GCU rises to UN Sustainable Development Goals challenge

21 November 2016

The Challenge helps businesses meet the Sustainable Development Goals

The Challenge helps businesses meet the Sustainable Development Goals

Glasgow Caledonian University (GCU) students are embracing a sustainable development challenge set by major multinational companies.

Ten global businesses – including Japanese technology firm Fuji Xerox, Spanish energy giants Iberdrola, Swiss food producers Nestle, and Danish healthcare company Novo Nordisk – are participating in the UN-backed Breakthrough Innovation Challenge.

Each organisation has set a sector-specific challenge to students, requiring creative solutions and an innovative business model in support of the UN’s Sustainable Development Goals, 17 ambitious targets to transform the world by 2030.

As a member of the Principles for Responsible Management Education (PRME) initiative, GCU students have the opportunity to form an inter-disciplinary team and put forward their innovative solutions.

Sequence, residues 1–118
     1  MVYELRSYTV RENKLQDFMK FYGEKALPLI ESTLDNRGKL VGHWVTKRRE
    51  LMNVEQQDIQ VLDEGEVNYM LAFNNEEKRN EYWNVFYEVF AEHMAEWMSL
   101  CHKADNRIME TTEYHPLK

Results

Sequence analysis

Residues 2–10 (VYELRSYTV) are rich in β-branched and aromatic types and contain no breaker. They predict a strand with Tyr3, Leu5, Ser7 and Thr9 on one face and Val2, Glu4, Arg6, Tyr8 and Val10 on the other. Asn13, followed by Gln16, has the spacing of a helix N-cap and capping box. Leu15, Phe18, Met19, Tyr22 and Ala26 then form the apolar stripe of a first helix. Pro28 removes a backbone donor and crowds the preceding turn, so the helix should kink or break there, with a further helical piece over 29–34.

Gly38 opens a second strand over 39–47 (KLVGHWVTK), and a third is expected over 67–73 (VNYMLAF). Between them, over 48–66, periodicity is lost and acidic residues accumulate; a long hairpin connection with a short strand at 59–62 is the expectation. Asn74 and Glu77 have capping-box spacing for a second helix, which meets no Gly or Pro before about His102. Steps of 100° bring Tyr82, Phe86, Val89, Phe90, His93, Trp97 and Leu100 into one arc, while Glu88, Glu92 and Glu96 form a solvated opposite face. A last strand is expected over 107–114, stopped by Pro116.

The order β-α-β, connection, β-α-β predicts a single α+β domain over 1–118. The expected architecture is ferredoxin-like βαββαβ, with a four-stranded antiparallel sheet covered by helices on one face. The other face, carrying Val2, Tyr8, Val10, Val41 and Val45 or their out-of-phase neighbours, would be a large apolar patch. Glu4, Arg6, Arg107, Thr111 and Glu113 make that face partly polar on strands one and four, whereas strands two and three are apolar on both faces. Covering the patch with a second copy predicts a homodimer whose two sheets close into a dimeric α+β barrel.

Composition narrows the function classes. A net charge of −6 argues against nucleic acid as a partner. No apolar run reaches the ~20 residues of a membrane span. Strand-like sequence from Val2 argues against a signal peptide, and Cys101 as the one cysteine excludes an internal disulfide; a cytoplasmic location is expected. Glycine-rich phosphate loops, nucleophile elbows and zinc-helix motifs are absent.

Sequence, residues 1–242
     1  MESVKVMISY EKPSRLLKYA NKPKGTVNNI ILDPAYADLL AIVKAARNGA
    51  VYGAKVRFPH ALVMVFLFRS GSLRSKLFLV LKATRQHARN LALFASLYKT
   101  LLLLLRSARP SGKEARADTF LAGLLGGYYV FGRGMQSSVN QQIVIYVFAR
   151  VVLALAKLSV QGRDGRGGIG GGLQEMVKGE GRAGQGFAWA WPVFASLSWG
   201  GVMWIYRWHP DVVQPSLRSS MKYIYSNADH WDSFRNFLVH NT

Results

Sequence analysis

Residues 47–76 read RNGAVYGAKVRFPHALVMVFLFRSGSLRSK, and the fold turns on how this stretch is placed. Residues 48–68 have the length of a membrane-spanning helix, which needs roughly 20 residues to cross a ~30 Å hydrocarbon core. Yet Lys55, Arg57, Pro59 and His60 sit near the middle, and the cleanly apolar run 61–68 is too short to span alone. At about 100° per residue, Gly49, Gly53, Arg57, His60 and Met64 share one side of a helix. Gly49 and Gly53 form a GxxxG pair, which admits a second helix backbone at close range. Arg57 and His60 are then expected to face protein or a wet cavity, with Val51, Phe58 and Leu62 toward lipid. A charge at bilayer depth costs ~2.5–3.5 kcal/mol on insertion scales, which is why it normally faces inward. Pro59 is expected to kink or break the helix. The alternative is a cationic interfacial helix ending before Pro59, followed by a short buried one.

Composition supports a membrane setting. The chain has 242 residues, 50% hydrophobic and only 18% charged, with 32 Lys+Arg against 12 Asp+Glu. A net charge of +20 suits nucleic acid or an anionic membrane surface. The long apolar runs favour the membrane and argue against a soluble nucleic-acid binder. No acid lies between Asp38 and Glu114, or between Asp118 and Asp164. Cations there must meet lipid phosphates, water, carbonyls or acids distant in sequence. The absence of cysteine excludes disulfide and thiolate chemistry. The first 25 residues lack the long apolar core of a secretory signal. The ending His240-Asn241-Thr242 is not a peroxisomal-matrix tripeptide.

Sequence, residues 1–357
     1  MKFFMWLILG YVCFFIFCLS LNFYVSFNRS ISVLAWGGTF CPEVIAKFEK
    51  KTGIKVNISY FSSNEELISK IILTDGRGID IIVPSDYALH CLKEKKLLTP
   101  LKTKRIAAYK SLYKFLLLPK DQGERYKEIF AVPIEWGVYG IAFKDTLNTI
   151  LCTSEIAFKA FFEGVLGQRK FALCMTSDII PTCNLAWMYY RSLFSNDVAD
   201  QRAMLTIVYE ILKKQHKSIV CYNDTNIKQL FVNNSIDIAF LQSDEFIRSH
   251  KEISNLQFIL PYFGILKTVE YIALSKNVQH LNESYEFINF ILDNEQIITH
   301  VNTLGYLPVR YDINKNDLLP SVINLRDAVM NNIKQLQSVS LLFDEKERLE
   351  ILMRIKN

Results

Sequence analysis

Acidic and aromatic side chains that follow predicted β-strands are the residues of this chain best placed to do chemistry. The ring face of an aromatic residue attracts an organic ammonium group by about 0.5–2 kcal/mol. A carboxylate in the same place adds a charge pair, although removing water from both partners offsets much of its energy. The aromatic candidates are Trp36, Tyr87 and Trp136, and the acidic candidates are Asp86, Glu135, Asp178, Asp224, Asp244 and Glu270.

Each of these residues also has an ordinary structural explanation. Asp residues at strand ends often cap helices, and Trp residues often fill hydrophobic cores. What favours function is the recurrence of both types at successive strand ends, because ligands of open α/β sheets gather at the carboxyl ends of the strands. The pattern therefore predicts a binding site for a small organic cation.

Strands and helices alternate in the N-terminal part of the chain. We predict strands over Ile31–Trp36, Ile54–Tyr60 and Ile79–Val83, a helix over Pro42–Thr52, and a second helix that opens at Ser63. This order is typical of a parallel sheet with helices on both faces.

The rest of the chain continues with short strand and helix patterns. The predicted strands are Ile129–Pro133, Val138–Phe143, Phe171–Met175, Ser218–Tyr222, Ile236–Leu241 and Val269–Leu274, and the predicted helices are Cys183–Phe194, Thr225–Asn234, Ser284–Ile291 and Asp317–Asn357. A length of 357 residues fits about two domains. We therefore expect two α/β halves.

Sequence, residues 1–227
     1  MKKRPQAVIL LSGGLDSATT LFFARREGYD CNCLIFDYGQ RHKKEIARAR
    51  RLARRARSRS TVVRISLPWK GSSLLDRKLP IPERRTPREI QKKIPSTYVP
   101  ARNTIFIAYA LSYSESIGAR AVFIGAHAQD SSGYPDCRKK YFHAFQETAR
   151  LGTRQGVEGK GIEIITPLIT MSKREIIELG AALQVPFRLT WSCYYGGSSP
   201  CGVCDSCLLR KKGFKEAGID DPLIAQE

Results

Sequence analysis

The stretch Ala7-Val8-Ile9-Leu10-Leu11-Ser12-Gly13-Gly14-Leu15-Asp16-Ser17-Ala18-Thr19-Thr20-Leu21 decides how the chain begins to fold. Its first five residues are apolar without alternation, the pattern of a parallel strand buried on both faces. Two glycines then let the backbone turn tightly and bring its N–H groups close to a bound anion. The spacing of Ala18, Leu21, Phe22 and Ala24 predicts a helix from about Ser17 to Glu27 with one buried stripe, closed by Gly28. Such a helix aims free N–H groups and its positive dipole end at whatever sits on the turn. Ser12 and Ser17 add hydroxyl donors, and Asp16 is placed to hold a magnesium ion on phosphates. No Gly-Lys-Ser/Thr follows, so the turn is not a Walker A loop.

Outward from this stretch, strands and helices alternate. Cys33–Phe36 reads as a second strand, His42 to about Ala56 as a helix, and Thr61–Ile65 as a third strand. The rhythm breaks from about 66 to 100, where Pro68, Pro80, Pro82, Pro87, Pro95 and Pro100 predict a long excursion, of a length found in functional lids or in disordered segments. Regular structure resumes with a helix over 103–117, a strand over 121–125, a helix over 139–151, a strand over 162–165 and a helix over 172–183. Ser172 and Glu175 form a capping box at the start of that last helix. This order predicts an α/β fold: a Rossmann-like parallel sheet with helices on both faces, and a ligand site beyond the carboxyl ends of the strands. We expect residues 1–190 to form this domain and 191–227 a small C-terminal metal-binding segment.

The challenge was outlined at the Global Compact LEAD Symposium in Cambridge, where GCU representatives heeded the call.

Dr Alec Wersun, from the Glasgow School for Business and Society, said: “These breakthrough innovation challenges offer GCU students and staff a wonderful opportunity to use their knowledge and know-how in engineering, computing, healthcare and business to contribute to solving some of the world’s greatest problems. In doing so, it will give our students an amazing real-world experience and fits perfectly with our Common Good mission.”

Solutions to the challenge should adopt disruptive technologies such as Artificial Intelligence and the Internet of Things – a process which connects appliances to the internet; or simply innovative ways of widening access to millions with no access to healthcare, or energy.

“This is a unique opportunity for our students to take part in an international competition and develop disruptive solutions that could resolve global issues,” added Professor Vassilis Charissis, Professor of Human Computer Interaction in the School of Engineering and Built Environment.

“Our students are already well versed in the use of advanced and emerging technologies that could enable them to develop ground breaking projects for sustainable environments; energy, medicine and mobility among other areas. This is an excellent case for real-life collaboration between the different schools and disciplines.”

The best ideas from university teams will be developed with support from the multinational companies and presented in New York in September 2017.

GCU was the first Scottish university to join the United Nations Global Compact (UNGC), the world’s largest corporate sustainability initiative.